Winter frost, also referred to as “ground frost,” is something that most people come to expect when the temperature drops below freezing. Even if there’s no snow or rainfall, you’re likely to see frost on the grass, trees, and other plants around your yard. It is often mistaken for light snow or sleet, but winter frost is distinguishable in a number of ways.
That said, what exactly is winter frost? What’s the difference between frost and snow? And why does winter frost come back every year? We will explain all of this and more, but first let’s take a look at the science behind winter frost.
What is Winter Frost?
Though it can occur outside of the winter months, winter or ground frost refers to the thin layer of ice that appears on the surface of plants and other outdoor objects. When water vapor is deposited on a given plant or object, several different things can happen. The water might be partially or completely absorbed or evaporated. In the case of winter frost, it changes into a solid form.
Winter frost occurs when temperatures fall below freezing (32 degrees Fahrenheit). The water vapor freezes, creating a thin layer of frost that melts when temperatures rise above freezing again. It is most common to see ground frost in the morning, as temperatures usually drop below freezing at night and then begin to rise when the daylight returns.
There are technically three kinds of winter or ground frost: radiation frost, advection frost, and evaporation frost. These types of frost are distinguished by the way in which the ice particles form. Let’s take a closer look at how these types of winter frost differ:
- Radiation Frost – This typically occurs on cold nights or mornings, when heat radiates into the open air faster than it can be replaced, resulting in ice crystal formation on plants and other objects.
- Advection Frost – When extremely cold winds blow over objects like tree branches, wires, or poles, it can cause ice spikes to form. This type of frost is more common to see on suspended objects, so it does not typically result in ground frost, though it can still be referred to as “winter frost.”
- Evaporation Frost – Evaporation frost forms as a result of dry winds blowing over a moist surface. Due to latent heat loss, the surface moisture cools below freezing, even when wind temperatures are well above freezing.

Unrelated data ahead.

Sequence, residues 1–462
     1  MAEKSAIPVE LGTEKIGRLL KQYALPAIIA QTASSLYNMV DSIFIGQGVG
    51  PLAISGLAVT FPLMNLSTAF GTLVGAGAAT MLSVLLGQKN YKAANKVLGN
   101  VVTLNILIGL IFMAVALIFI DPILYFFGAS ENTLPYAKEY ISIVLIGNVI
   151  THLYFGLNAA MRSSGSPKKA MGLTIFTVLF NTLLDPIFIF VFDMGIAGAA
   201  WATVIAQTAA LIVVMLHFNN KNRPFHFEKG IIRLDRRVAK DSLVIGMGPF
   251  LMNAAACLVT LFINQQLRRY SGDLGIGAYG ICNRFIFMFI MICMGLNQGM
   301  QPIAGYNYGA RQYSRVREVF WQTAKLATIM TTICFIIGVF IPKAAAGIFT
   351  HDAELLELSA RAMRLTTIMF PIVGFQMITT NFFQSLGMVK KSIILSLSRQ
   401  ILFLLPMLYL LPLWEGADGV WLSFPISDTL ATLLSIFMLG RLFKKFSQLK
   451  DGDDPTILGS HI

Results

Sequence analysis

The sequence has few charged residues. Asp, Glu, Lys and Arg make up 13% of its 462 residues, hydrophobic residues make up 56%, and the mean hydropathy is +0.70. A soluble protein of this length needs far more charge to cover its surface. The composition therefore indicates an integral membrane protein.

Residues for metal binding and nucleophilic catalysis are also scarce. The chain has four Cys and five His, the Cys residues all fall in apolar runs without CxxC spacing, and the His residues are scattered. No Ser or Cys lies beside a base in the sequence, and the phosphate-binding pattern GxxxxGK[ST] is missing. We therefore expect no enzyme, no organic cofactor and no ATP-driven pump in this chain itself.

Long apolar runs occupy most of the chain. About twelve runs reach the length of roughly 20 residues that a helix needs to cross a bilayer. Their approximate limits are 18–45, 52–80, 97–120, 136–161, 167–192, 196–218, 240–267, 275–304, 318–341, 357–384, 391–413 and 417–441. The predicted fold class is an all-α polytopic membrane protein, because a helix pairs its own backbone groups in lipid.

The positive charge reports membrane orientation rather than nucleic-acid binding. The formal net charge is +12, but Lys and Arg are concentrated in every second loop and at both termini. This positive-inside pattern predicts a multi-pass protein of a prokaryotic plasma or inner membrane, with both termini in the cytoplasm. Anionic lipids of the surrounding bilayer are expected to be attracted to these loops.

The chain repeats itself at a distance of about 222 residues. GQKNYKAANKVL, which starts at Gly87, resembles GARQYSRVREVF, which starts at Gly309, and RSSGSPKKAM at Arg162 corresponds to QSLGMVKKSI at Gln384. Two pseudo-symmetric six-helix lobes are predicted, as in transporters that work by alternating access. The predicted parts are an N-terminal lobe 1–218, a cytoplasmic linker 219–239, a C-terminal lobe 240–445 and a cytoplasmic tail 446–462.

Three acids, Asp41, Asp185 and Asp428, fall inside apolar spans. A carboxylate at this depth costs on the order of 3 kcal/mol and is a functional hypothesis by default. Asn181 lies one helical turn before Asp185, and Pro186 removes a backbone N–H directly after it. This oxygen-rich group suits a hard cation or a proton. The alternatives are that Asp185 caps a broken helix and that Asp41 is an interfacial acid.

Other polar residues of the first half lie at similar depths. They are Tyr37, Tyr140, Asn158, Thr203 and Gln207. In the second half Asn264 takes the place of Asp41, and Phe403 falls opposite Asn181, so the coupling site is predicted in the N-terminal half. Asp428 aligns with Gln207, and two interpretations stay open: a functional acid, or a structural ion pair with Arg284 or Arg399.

What’s the Difference Between Frost and Snow?
Snow is different from frost based on where and when it comes into existence. Frost comes about when water vapor freezes on a plant or object. Alternatively, snow refers to ice crystals that form in the atmosphere, typically from within clouds.
When snow falls, it creates a layer of ice on the ground. In smaller amounts, the difference between frost and snow may not be readily apparent. However, their respective formations are the result of very different processes.
Is Winter Frost Common in Pennsylvania?
Since the appearance of frost comes with cold temperatures, you may not see it every year, depending on where you live. In colder climates, it is possible to see ground frost outside of winter months, especially in late fall or early spring. As previously stated, it is most common to see winter frost on the grass, trees, or other plants in the morning, before the sun reaches its peak at noon.
In Pennsylvania, the climate is typically humid in both summer and winter months. This means that there is more moisture in the atmosphere, and more water vapor on the ground. As a result, winter or ground frost is especially common in Pennsylvania and the surrounding states in the north east.
Additionally, temperatures in Pennsylvania tend to drop well below freezing in winter. On average, winter temperatures fall somewhere between 24 and 40 degrees Fahrenheit in Pennsylvania. The temperature is generally at its lowest in January, and it is not uncommon to see frost on a daily basis in many regions throughout the state.
Why Does Winter Frost Come Back Every Year?
Winter frost comes back every year as long as there is moisture on the ground and temperatures at or below freezing. That said, even if you live in a cold climate like Pennsylvania, you may not always see frost, as daytime temperatures can quickly melt thin ice crystals.
As the temperature drops in the fall and winter months, the chances of seeing winter frost increase exponentially. It’s nearly impossible to see ground frost in the late spring or summer, because the temperature does not fall below freezing, meaning that water vapor cannot change to a solid form. However, as soon as the weather starts getting colder, frost returns. So, the next time you wake up early on a cold winter morning, take a look out of your window; you may just see a thin layer of beautiful winter frost on your lawn!